• Published 4th Feb 2012
  • 39,204 Views, 3,271 Comments

Project: Sunflower - Hoopy McGee

As the Earth is under threat, humanity reaches out for one last hope of salvation.

  • ...

Chapter 29: Malachite and the Tide

Erin stepped through the gateway with the others, her breath fogging in the chill of China's morning air. The horizon was just glowing with the rising sun, which seemed a little surreal to her, considering it was evening back in Colorado. She shook her head, thinking that humans weren't really meant to be able to traverse the globe quite so quickly.

Once again, they were on a small hill overlooking the Tide in the distance. Celestia and Luna, standing side by side, were regarding the Tide with matching somber expressions. Erin glanced sidelong at Celestia, wondering how the Princess felt coming back to face the thing that had once hurt her so badly. She reflected with a fluttering anxiety that she'd have a chance to find out how that felt for herself, once Malachite showed up.

"There is... something strange," Luna said. "A song... no, not a song. A series of rapid tones, continuously repeating, coming from the Tide. It is quite... eerie."

"Do you have any idea what it may be?" Celestia asked her, and Luna shook her head.

"Nay, sister. It is simply there. I am surprised that you can't hear it, it is very... annoying."

"I did listen, but I didn't hear anything" Celestia admitted, turning to face the Tide once again.

"It must be some sort of a signal," Erin offered. When Twilight nudged her she quickly added, "Princesses."

"Maybe, but what is its purpose?" Celestia asked.

"At a guess, Princess, I'd say it's probably the method the Tide uses to disrupt our scanning equipment. Or... maybe it controls the nanomachines!" Erin said excitedly. "If there's some way to disrupt or change that signal... maybe we can stop the Tide that way!"

"The humans have never noticed this signal?" Luna asked.

"We don't have a lot of information on the Tide, Princess," Erin explained. "It's that interference I mentioned before. Most of our equipment is useless when we get too close to it."

"Ah, I see," Luna replied, gazing back out at the Tide.

Another small group of guards trotted through the gateway from Equestria, and Erin heard Twilight suck in her breath in surprise as she saw the stallion in the lead.

"Shining Armor! You're here!"

"Of course," the stallion smiled back somberly. "I'm just sorry I wasn't here during your first attempt. Things might have gone differently."

"I had determined that escorting the Griffon High Consul to Equestria was more important, at that time" Celestia said in response, stepping forward. "But I'm glad you're here. We can put that shield of yours to some use."

"Yes, Princess!" the stallion replied, snapping a salute. "Should I fire it up now?"

Celestia shook her head. "No, save your strength for now. I'll let you know."

"Yes, Princess," he said, saluting again.

Celestia moved back to talk with her sister, allowing Twilight unfettered access to her brother once again, which she made full use of. Erin smiled, and decided to stay well back to allow her friend all the time she needed to bond with him again. That was, until Twilight walked over with her brother, stating, "This is her, Shining. The human I was telling you about."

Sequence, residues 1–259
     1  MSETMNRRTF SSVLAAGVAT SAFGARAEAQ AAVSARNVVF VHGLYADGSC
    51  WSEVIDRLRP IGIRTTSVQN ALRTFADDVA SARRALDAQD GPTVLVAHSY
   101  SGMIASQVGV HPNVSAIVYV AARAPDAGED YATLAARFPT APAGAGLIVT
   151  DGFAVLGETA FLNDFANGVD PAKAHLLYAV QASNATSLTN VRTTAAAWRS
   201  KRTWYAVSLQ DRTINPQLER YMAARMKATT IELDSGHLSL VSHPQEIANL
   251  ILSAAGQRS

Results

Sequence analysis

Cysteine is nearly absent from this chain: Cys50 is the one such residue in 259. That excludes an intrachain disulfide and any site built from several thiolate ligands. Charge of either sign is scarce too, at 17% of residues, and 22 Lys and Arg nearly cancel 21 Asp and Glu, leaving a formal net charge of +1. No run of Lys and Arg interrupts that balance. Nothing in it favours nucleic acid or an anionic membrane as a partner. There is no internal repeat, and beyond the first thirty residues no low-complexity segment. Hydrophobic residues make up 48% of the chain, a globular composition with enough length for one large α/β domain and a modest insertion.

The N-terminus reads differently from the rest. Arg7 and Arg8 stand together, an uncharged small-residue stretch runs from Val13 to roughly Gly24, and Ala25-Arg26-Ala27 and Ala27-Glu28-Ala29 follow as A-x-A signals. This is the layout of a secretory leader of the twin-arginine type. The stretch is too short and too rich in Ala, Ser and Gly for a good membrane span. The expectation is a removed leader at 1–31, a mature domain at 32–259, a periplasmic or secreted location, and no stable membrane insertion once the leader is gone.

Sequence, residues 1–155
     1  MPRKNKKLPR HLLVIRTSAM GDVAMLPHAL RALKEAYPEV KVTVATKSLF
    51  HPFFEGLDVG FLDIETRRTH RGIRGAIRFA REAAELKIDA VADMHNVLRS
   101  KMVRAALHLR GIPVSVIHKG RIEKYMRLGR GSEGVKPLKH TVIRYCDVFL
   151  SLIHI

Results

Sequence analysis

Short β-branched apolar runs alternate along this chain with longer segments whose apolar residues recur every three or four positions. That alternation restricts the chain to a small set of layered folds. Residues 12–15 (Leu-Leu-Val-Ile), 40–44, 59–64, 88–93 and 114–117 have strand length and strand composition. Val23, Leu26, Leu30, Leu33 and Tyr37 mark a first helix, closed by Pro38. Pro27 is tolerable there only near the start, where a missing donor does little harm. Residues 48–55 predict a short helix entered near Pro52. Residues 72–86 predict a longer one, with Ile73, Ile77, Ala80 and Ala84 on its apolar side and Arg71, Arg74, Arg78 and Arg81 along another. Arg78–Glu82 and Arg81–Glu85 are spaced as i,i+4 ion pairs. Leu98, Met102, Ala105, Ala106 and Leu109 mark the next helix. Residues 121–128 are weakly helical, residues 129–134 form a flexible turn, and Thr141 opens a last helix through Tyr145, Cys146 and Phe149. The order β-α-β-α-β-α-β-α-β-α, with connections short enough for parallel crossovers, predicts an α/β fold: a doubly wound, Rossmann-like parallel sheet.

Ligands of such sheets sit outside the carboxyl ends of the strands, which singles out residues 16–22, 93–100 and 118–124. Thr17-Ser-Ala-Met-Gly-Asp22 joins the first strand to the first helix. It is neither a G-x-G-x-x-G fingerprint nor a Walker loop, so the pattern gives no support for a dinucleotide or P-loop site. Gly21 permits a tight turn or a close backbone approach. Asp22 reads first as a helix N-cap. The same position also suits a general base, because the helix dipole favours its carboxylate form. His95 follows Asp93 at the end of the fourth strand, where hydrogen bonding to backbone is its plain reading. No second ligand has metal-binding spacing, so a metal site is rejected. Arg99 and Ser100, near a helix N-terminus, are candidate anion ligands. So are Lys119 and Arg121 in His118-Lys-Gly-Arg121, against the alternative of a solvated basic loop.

Erin smiled weakly at the stallion as he gave her a discerning look, as if measuring the likelihood and severity of the harm that Twilight might come to in her company.

"Pleasure to meet you," he said, finally, though Erin doubted his sincerity.

"I've... uh, I've heard a lot about you," Erin replied lamely. "Twilight talks about you all the time."

Which wasn't entirely true. Erin wouldn't have even known her friend had a brother if it weren't for an off-hand comment she'd made a week or so ago about her 'BBBFF'. Since then, though, Erin and Twilight had talked quite a bit about their respective brothers; comparing notes and sharing stories, and exchanging viewpoints as to what it was like to be the older sister versus being the younger.

"She hasn't talked about you much at all," Shining said flatly, then grimaced when Twilight elbowed him sharply in the ribs. "I mean, we haven't had a chance to talk much, since she's met you," he corrected. "Twily? I have to get back on duty, in case the Princesses need me. You be careful, and get back through that gate if things go wrong, okay?"

"I'll be fine," Twilight said, rolling her eyes. "Go and do your guard thing. We'll get together after it's all over, okay?"

Shining Armor nodded. "That sounds like a plan. It was nice to meet you, Erin," he said, then trotted off to stand near the Princesses.

"Sorry about that," Twilight said once her brother was out of earshot.

"He doesn't seem to like me."

"It's not that, he just tends to get a little overprotective, sometimes. It's in his nature."

"Well, if he's concerned that our friendship has put you in danger, he's not really wrong, is he?" Erin dug at the ground with a hoof when she said that, only to grunt in surprise when Twilight employed that same elbow she'd previously used on Shining Armor on her ribs.

"None of that, now," the unicorn said. "The risks I take are my decisions. Nopony is forcing me to be out here, you know. This is my choice. The others feel the same way."

Erin nodded, but kept her thoughts to herself. The two of them lapsed into silence while waiting, and the minutes dragged on.

The tension steadily mounted as the morning wore on. Erin could feel her heart beating heavily in her chest as she shifted from hoof to hoof in the cold air, the anxiety and anticipation making her feel nauseous and restless at the same time. She really didn't want to be here. If it weren't for her friends, she'd never willingly come within a thousand miles of Malachite. Or the Tide, for that matter.